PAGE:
(blows off the dust since the last entry)
(Life trumped blogging; my first child was born in March)
Just before I went into the parent tunnel, which is awesome by the by, I attended a seminar conducted by Niels Windfeld Lund, General Manager of the World Opera.
Not my usual event. But music’s always been a passion for me, and I performed a lot as a kid – lots of trumpet, both the sort of american wind orchestra stuff (seated and marching…yes, a band geek) and some jazz, a little bit of drums. These days I plink around on an acoustic bass, badly, but well enough that I’ll be able to sing lullabyes to my newborn. Starting to play again made me realize how much of music is a conversation, just like science is a conversation (well, an argument). And so this world opera thing seemed like an interesting way to come at the problem from a field that is semantically a world away from science, but in design space is remarkably similar.
This was the second of two recent musical events for me that bear on open collaborative science. The first one we can draw a lesson from is the World Choir. It’s a collaborative choir of more than 2000 people and got tons of press about how it was a collaboration breakthrough, and was designed as an asynchronous request for videos, with a ton of post-processing to stitch them into a single video.
Then there’s the World Opera, which is all about actually performing an opera live with the performers in multiple cities around the world (it needs better marketing help – the first sentence in the website is “You may not have heard about World Opera”). There’s tons of dimensionality baked into that idea from the start. Niels got it funded in his northern Norwegian home of Tromsø after first pitching telemedicine, which has the same fundamental requirements as online opera: big fiber, low latency, great audio/video capability, and the ability to do meaningful real time interaction with remote sites. Surgery or string rehearsal, you have to be able to replicate an intense real life experience. The government apparently preferred opera, which is both wonderful and improbable to me.
They wrestled, or are wrestling, with technical and existential questions. How to use the inevitable delay between performers, turning it into something like the acoustics of a conference hall. Whether or not to use a live conductor as a distinct part of the performance, or to use a metronome, or something in between. Basic stuff, like how to practice together but apart. They are able to do it, but it takes much more work than it would in a regular opera.
It’s hard to get a group on the one. It’s hard when you’re all in the same place. That’s why good labs or departments (or startups) have regular journal clubs, regular lunch sessions, coffee machines that require a fair amount of time to prepare a drink. It helps create that extra time where the individuals involved fall into a rhythm together. Eric Schadt has called it the “clock gene” of a good lab. And it’s been hard to virtually create in the sciences.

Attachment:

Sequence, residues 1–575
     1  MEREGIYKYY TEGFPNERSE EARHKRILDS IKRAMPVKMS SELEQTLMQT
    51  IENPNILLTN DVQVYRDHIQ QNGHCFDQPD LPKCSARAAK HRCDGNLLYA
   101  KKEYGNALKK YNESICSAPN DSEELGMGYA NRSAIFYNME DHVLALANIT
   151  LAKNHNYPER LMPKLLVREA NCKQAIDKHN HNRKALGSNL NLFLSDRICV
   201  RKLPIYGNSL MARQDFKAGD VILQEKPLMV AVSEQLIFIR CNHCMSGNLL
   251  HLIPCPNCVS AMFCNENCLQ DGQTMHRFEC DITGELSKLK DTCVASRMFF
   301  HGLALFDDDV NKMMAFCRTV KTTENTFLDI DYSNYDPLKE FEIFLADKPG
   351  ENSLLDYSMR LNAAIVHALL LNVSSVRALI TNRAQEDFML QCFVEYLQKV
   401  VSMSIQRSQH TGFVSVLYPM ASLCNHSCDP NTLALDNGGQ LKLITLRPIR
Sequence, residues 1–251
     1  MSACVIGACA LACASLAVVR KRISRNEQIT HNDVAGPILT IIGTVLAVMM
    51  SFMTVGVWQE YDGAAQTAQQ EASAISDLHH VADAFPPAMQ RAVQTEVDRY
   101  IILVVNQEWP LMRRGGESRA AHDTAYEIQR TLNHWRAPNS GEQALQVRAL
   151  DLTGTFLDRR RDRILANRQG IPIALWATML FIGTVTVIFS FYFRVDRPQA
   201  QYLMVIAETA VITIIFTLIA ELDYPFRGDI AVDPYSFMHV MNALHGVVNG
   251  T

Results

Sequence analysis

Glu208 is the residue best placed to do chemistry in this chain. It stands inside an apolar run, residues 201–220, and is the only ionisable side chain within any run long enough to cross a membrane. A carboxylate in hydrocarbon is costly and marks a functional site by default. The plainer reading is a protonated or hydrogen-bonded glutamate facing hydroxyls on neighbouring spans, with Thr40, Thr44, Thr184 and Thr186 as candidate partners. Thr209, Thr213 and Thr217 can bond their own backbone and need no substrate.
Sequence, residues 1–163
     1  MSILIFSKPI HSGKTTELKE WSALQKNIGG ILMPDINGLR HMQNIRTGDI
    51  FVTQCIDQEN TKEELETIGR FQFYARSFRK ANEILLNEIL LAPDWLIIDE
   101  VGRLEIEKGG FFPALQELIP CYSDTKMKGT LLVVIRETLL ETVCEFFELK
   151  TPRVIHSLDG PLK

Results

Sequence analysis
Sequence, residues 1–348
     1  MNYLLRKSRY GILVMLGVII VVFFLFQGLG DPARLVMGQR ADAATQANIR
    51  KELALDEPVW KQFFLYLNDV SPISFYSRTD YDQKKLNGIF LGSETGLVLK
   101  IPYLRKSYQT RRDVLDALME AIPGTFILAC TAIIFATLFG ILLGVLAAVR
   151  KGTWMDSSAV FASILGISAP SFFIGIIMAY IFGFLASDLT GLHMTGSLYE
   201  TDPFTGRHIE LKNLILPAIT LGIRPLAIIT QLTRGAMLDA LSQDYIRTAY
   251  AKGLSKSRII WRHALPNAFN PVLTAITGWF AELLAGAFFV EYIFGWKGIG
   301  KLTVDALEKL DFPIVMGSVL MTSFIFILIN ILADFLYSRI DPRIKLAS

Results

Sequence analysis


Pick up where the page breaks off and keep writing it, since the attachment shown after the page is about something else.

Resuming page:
My gut is that we have the two musical performances mixed up. A lot of what we mean by open science is the choir:we’ll do crowdsourced data collection, we’ll see a surge of data from impassioned observers into online groups like Sage Bionetworks, but that data will have to be painstakingly synced and organized before we get a beautiful model.
Real collaborative science is going to be hard, like the opera, because it’ll be hard to get on the one. Big questions, both technical and epistemic, have to get answered.
Collaborative opera is totally disruptive to regular opera. It will be resisted, its flaws will be evident with no post-processing to make it shiny. It’s not just sound, it’s a story, it’s acting, it’s interaction between the performers themselves and the audience. It’s going to suck compared to a purist’s opera – at first.
But as the group learns, and they will, it’ll suck a lot less. Then it’ll be really, really good. Incremental innovation will smooth a ton of edges. The performers will figure out if they want an avatar or a conductor. They’ll get used to the latency, and “hear” it when they play together. There’ll be a disrupting tech, probably made by a frustrated musician, that makes some vital but boring process suddenly either a) easier or b) stable or both. Online opera will become a vital part of opera.
These problems, this inherent resistance (in the electrical sense, not the political or incentive sense) is the sort of thing we have to get used to in open science. We can run a bunch of virtual choirs – that’s what 23andme is doing, and I’m a customer. But our infrastructure, and our design thinking, and most of all our expectation, has to support opera, because it is, like science, hard.